Japanese Prime Minister Abe set to resign due to health issues.
Image Credit: Kazuhiro Nogi/AFP/Getty Images
On Friday, local media reported that the Japanese Prime Minister Shinzo Abe, 66 next month, will resign due to health issues. He is expected to explain the reasons behind his early departure from office, at a news conference at 5pm local time. His term was due to end in September 2021.
Speculation on the the Prime Minister’s health was brought to attention after he made two hospital visits in a week. One of his visits lasted around 8 hours. He is known to suffer ulcerative colitis.
Ulcerative Colitis is a chronic disease of the large intestine affecting the lining of the colon. The colon lining is usually inflamed and develops small sores or ulcers. It is usually caused by the immune system overactive response.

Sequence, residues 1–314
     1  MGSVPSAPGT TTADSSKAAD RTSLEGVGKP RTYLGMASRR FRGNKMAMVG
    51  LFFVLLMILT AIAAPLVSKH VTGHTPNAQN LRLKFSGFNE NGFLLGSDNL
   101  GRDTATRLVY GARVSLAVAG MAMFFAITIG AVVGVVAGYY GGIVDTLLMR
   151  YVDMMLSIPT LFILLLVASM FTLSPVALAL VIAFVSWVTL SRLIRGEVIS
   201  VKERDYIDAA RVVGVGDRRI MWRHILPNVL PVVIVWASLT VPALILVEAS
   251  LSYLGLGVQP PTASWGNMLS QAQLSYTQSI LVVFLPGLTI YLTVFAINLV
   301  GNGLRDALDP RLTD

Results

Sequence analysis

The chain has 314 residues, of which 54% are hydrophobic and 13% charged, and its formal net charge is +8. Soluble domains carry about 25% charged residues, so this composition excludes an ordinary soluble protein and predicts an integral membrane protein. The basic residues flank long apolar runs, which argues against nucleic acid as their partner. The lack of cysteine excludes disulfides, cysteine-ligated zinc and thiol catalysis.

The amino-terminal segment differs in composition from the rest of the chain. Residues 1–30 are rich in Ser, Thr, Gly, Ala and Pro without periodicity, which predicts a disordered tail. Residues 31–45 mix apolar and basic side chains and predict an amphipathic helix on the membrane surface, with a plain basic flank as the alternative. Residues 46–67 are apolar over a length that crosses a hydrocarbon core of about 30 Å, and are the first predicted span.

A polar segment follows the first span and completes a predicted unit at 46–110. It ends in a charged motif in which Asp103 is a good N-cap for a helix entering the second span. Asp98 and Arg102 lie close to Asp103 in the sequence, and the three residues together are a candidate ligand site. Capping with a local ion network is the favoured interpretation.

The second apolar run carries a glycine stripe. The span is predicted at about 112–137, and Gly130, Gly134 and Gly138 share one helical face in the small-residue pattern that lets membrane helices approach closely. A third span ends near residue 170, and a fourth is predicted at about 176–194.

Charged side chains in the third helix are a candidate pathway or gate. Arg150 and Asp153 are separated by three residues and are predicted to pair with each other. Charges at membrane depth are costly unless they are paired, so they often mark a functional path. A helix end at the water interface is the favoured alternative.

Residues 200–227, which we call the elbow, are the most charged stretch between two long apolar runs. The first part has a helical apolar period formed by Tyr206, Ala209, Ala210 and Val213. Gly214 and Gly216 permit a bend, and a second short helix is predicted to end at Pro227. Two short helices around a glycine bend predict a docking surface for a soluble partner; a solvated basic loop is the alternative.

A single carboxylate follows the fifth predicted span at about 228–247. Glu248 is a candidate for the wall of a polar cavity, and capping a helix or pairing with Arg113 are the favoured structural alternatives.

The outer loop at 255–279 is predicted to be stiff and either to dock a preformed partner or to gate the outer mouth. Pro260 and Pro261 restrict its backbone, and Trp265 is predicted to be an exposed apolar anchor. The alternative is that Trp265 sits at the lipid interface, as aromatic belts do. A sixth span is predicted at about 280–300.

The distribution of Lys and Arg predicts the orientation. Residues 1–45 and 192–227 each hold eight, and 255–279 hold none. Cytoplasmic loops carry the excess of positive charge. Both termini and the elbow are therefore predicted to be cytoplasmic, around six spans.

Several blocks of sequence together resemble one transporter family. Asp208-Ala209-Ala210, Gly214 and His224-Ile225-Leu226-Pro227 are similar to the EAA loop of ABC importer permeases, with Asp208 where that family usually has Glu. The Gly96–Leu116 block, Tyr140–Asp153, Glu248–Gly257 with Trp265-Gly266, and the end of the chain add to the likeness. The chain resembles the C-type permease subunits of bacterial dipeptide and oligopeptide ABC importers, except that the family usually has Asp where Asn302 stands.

The condition also forced the prime minister to exit early in his first term back in 2007, when he had to leave after 1 year in office. He became a prime minister again in 2012 and said he was dealing the condition with newly available drugs.
The governing political party, Liberal Democratic Party (LDP) attempted to stop the rumours about Prime Minister Abe’s health. The deputy of the Prime Minister, Taro Aso, currently the finance minister, is expected to be the acting prime minister.
The government’s spokesman, Yoshihide Suga, attempted to calm the rumours about the prime minister, ‘I see him everyday and I haven’t noticed anything different.’
Last week he spent only a few hours in his office, and earlier this month he was criticised for not holding a press conference regarding the government’s handling of the coronavirus for several weeks.
Tobias Harris, a Japan specialist at Teneo Consulting explained the government’s attempt to give him a chance to recover after his first hospital visit.
‘It seems as if the government hoped that witb a pause Abe might recover and therefore his condition would not become a political issue. After his second unexpected visit in as many weeks, I think that approach has run its course..it will be increasingly difficult for the government to avoid providing a more transparent account of Abe’s condition,’ Tobias Harris said to Agence France-Presse.